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Fam Plann Perspect. 1980 Nov-Dec;12(6):278-83.

The pill at 20: an assessment.



During the 20 years since the oral contraceptive was introduced, it has been used by some 150 million women around the world, and is perhaps the most carefully monitored medication in history. This vast body of research shows that for the overwhelming majority of healthy women under 30, the benefits of the pill continue to outweigh the risks. The most serious life threatening risks are those involving the cardiovascular system: heart attack, stroke, and throboembolism. However, deaths from these causes would be reduced by 1/2 if women using the pill did not smoke; further reductions would result if women with high blood pressure, high chloresterol levels and diabetes millitus did not use the pill. There is no evidence thus far to justify fears that the pill might be associated with an increased risk of cancer. Most studies show that not only is there no association between pill use and cancer of the ovaries, uterus and breast, but pill use may protect against ovarian and endometrial cancer. Women taking the pill are 1/4 as likely to develop benign breast lumps as nonusers, 1/14 as likely to develop ovarian cysts, 2/3 as likely to develop iron deficiency anemia, and 1/2 as likely to develop rheumatoid arthritis -- all relatively common conditions. In addition, pelvic inflammatory disease, a major cause of infertility, appears to occur only 1/2 as often among pill users as among nonusers. The risk to life among pill users younger than 30 who do not smoke is very small (virtually the same as that of users of the IUD, diaphragm, or condom) and is much lower than the risk of birth-related deaths among women who use no birth control.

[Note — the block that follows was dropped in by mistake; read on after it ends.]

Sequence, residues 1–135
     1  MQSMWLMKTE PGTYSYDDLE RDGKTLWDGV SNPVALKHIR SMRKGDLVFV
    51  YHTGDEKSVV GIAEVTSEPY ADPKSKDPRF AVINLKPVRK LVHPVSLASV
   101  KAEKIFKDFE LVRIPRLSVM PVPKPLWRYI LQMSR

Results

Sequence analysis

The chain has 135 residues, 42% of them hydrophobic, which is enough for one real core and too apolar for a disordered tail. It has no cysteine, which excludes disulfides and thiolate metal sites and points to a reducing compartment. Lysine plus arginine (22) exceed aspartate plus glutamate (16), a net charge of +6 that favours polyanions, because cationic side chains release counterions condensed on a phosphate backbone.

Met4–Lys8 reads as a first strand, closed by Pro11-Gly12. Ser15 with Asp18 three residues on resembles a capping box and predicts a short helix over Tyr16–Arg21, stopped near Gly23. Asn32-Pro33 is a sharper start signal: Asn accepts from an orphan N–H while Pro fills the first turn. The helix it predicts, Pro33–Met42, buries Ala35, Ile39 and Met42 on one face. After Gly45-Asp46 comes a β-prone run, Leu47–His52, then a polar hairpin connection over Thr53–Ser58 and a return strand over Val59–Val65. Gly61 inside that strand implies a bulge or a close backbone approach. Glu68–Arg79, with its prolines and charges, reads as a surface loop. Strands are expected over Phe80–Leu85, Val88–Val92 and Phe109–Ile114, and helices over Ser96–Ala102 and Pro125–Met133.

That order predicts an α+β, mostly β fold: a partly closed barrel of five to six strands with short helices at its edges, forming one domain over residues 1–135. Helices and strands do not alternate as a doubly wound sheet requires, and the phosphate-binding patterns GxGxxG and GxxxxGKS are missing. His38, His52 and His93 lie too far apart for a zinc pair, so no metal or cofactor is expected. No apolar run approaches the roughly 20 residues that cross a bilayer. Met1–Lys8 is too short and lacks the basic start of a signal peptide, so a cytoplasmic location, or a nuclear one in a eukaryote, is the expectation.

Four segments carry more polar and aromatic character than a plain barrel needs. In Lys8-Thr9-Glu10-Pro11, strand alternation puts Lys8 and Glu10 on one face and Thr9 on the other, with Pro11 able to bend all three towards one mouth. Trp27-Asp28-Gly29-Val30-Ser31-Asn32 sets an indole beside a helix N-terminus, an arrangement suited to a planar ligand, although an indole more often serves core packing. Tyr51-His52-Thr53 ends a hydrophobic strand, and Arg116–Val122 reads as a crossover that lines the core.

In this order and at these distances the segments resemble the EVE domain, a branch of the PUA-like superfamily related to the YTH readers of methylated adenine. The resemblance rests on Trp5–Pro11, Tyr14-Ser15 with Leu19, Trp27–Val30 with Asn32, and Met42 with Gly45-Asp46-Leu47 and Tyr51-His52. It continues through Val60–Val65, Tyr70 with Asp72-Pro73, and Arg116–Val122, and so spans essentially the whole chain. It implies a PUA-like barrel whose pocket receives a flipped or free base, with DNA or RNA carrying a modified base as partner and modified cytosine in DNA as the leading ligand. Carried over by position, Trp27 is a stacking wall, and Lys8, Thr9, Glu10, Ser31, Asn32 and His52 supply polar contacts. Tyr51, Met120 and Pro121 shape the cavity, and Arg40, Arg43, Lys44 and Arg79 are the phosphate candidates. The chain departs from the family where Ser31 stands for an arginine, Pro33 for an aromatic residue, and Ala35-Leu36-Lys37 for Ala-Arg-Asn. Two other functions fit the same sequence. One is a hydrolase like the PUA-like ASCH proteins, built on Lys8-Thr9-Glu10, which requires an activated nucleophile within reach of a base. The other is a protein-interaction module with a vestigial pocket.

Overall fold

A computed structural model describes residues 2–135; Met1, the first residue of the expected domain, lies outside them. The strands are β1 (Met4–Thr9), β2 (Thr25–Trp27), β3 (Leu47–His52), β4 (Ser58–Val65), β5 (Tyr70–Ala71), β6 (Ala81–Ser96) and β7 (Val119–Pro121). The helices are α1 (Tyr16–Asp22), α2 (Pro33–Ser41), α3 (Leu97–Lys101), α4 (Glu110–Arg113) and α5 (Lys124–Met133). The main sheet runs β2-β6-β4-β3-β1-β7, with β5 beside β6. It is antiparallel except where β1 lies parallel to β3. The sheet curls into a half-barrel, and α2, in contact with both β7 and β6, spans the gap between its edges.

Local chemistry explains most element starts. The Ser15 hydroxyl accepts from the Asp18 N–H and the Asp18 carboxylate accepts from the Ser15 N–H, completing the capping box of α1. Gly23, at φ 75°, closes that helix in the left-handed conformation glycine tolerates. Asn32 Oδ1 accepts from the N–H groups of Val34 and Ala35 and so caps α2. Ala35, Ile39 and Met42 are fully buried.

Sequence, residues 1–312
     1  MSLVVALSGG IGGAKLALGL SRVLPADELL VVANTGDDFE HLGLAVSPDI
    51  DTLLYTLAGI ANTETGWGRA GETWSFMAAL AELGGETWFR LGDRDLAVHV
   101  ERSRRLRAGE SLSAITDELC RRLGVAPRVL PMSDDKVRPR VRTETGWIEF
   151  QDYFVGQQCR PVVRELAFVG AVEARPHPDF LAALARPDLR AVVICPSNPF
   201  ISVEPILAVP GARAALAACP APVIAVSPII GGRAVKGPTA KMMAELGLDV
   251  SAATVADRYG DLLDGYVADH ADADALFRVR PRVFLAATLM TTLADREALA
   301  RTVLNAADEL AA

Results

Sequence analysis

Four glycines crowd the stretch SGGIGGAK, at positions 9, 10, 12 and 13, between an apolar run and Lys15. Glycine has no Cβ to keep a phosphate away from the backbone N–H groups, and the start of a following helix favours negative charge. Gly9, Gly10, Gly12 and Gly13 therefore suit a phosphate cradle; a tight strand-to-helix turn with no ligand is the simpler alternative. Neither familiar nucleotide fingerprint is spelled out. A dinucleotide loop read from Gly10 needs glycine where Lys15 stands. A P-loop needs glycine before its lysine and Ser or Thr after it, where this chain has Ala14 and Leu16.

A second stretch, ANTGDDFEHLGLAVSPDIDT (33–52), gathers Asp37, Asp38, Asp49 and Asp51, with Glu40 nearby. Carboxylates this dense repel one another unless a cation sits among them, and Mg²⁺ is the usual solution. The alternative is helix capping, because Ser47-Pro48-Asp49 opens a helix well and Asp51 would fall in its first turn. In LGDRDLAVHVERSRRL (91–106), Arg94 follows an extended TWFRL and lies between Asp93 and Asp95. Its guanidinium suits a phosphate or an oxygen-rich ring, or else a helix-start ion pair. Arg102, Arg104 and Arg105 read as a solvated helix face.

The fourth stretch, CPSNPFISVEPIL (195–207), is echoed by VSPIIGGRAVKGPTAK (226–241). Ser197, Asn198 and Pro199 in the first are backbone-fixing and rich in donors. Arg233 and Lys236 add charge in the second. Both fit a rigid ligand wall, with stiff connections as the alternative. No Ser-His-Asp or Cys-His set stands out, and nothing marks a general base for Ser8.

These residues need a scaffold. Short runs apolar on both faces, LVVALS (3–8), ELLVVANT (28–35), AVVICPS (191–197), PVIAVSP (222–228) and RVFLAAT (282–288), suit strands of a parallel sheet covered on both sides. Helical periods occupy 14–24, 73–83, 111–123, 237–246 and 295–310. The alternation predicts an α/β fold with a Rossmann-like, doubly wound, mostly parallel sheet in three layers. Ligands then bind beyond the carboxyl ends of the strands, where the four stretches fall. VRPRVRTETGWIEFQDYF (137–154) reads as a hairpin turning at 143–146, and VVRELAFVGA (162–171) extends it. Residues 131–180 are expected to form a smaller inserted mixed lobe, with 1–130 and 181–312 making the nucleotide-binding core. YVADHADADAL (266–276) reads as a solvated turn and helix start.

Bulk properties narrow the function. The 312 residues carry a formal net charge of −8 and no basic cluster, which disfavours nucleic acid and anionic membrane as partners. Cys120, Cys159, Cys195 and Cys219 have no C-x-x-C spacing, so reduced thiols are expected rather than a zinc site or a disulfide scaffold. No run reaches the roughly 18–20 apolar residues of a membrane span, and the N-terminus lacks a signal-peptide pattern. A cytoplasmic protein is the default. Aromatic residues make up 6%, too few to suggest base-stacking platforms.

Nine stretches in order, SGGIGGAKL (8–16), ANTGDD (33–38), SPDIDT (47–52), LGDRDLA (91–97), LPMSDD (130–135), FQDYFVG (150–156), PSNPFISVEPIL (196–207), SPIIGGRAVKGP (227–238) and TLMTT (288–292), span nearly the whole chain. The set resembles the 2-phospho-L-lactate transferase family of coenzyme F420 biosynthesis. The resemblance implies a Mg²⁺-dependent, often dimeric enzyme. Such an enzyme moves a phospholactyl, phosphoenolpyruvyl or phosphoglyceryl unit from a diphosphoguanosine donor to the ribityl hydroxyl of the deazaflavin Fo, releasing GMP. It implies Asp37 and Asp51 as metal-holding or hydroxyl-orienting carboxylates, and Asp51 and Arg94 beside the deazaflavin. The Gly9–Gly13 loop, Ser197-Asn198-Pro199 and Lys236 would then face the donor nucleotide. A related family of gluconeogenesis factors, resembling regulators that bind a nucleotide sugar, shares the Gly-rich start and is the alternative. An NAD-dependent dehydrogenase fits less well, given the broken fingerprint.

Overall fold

[PubMed - indexed for MEDLINE]
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